Palestinian rights groups have roundly condemned Israel’s recent decision to deny a Human Rights Watch (HRW) investigator a work visa, calling for an end to the regime’s crackdown on human rights activities in the occupied territories.
"The refusal reflects a larger policy of repression of human rights work by Israeli authorities through movement restrictions, arbitrary arrests, travel bans, and denial of entry,” the Palestinian Human Rights Organizations Council (PHROC) said in a statement released on Monday.
The statement further pointed to the cases of United Nations experts who have been denied entry into Israel, noting that UN officials are faced with a "shrinking space for human rights work” in occupied Palestinian territories.
"PHROC stands in solidarity with Human Rights Watch and calls for the protection of human rights work, the freedom of movement for human rights staff, and an immediate end to repression and that serves to inhibit vital human rights work in Palestine, Israel and globally,” the statement concluded.
Last week, Israeli authorities rejected a request from Human Rights Watch to grant a work permit to its New York-based Israel and Palestine director, Omar Shakir.
According to Shakir, Israeli authorities told HRW that the visa ban was not targeting him alone, but would be applied to all foreign members of the organization.
Earlier, Ramallah-based al-Haq human rights organization censured the Israeli regime’s decision in a separate statement, saying, "Israeli officials seek an environment devoid of criticism while disregarding their duties under international human rights and humanitarian law.”
Israel’s Interior Ministry, in a letter dated February 20, said HRW reports "have engaged in politics in the service of Palestinian propaganda,” highlighting that the measure was taken on a recommendation from the Foreign Ministry.
In return, Deputy Executive Director of Program at Human Rights Watch Iain Levine said "this decision and the spurious rationale should worry anyone concerned about Israel’s commitment to basic democratic values.”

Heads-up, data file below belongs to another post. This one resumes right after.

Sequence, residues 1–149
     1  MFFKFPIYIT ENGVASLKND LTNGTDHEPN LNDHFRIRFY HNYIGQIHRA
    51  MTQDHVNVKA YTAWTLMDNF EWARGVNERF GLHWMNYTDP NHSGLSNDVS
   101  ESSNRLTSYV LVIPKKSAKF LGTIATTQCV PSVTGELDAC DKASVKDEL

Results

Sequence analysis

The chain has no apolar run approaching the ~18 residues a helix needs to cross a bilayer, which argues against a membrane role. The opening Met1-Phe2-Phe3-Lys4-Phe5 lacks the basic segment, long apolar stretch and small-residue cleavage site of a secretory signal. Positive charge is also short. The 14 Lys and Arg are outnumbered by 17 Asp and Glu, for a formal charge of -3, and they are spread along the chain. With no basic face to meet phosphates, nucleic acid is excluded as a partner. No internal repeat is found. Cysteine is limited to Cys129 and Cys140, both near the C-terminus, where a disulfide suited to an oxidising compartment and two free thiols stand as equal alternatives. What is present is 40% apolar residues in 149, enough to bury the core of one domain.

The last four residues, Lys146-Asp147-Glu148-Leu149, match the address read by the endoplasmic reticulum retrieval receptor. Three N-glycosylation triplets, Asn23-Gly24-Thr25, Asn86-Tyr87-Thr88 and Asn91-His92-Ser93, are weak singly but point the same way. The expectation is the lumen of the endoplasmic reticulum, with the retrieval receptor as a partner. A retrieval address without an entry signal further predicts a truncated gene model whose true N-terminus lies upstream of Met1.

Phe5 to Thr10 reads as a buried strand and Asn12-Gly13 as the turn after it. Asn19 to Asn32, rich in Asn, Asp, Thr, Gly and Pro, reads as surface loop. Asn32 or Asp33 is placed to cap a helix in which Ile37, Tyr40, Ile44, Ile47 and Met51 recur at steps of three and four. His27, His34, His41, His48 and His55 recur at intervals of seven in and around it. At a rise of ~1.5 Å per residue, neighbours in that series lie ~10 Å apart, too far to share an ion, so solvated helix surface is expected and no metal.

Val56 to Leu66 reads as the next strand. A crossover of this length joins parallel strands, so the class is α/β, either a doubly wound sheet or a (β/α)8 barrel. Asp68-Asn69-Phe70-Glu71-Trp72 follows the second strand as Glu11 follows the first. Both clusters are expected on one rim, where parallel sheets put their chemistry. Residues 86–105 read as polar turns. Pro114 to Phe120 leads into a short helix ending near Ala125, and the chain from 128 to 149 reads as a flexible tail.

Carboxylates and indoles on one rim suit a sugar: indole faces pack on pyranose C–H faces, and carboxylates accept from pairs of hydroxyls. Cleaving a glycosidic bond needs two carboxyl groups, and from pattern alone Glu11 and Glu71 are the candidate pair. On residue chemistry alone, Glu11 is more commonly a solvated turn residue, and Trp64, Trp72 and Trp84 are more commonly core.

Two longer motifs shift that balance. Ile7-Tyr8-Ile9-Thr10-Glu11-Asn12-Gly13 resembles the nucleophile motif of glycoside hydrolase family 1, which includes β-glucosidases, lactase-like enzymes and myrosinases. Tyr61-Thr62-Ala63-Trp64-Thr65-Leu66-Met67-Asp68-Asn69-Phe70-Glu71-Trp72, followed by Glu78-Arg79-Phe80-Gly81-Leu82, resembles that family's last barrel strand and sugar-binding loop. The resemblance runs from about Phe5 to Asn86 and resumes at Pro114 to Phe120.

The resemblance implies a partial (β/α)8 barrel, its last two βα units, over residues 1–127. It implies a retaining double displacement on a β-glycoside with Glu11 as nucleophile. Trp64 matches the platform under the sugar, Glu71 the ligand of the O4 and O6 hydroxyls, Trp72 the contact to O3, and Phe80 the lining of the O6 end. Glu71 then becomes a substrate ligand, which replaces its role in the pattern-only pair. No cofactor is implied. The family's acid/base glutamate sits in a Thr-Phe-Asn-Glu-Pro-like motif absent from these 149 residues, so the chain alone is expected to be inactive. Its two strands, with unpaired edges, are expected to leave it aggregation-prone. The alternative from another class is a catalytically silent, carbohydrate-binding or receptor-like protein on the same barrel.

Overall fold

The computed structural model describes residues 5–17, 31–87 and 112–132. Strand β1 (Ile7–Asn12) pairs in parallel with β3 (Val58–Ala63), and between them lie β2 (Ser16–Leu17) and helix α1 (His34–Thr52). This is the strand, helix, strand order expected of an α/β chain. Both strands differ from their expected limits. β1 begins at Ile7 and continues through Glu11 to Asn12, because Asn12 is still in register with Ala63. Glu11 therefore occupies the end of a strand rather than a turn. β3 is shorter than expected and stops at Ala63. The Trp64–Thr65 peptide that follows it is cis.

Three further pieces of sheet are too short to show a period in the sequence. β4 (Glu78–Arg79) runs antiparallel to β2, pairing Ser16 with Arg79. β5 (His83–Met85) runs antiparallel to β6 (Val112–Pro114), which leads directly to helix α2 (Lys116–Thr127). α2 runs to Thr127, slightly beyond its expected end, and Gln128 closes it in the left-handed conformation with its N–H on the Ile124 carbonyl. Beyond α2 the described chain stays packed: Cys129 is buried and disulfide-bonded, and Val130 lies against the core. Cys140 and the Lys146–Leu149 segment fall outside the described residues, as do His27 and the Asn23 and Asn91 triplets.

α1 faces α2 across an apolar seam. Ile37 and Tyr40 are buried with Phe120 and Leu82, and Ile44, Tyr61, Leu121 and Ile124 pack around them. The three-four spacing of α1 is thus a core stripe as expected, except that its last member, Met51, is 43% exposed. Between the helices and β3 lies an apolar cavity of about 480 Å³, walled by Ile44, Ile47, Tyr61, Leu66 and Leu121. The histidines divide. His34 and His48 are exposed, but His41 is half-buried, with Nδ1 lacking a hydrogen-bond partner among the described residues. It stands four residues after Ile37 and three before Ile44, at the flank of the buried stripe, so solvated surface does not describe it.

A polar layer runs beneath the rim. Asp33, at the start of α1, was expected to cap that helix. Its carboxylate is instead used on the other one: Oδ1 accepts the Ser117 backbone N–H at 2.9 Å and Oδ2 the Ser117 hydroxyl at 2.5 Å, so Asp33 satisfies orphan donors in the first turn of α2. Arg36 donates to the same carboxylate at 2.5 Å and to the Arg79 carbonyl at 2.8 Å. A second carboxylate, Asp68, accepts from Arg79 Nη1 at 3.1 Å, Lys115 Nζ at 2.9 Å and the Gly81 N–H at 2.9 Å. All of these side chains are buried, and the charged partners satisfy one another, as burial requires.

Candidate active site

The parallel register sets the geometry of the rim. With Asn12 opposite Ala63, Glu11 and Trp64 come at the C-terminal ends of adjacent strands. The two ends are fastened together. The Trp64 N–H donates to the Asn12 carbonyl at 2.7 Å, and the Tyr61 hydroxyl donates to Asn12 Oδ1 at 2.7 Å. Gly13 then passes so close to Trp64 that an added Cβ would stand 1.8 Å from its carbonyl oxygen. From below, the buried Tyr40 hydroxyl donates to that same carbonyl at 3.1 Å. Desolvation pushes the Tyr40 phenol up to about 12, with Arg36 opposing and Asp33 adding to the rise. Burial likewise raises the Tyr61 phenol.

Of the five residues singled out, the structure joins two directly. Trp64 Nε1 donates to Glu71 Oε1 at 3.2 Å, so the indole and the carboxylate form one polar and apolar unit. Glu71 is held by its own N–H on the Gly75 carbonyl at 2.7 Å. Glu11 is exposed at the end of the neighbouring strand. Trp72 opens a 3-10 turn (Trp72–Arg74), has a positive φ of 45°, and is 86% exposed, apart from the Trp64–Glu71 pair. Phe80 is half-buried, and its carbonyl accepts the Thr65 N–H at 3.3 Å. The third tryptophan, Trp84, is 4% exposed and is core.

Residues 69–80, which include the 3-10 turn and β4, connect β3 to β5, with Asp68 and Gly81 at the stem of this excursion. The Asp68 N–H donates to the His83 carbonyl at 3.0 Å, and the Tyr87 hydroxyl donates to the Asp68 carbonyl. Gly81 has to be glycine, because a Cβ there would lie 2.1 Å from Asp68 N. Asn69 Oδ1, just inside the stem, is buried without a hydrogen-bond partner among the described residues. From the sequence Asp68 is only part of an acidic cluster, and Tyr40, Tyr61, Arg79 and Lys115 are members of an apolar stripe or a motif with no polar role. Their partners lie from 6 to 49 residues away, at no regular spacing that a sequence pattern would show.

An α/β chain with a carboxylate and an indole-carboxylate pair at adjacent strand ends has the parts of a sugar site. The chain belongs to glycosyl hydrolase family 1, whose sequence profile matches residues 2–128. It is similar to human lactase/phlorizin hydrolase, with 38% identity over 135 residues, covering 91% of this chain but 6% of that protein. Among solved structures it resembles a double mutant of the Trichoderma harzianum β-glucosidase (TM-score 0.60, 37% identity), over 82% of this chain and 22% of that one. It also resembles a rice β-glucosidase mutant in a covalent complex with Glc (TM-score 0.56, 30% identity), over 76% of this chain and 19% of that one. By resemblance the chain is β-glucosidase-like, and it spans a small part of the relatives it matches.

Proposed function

Levine added that the Israeli regime’s "efforts to stifle the messenger signal that it has no appetite for serious scrutiny of its human rights record.”
Israeli forces injure two Palestinian minors
The developments come amid tensions between Palestinians and Israeli forces in the occupied West Bank.
On Monday, two Palestinian minors sustained gunshot wounds after Israeli military forces raided Shuafat refugee camp in the occupied Jerusalem al-Quds.
Local sources said dozens of Israeli police officers stormed the camp and ransacked several stores, prompting young men and teenagers to engage in clashes with them.
Israeli forces then used excessive amounts of tear gas and indiscriminately fired rubber-coated steel bullets to disperse the crowd.
As a result, a teenage schoolboy was struck in the chest with a rubber bullet. According to locals, Israeli soldiers kept the injured boy at a checkpoint for more than half an hour before an ambulance, followed by a military jeep, arrived at the scene, and took him to a hospital.
A 9-year-old girl was also hit in the foot and received treatment at a medical center in the camp.
Moreover, Israeli soldiers detained and violently beat up a young Palestinian man during the scuffles.
The tensions first broke out in April 2015, when Israel imposed restrictions on the entry of Palestinian worshipers into the al-Aqsa Mosque compound in East Jerusalem al-Quds.
Nearly 280 Palestinians have lost their lives at the hands of Israeli forces since the beginning of October that year, when the violence intensified.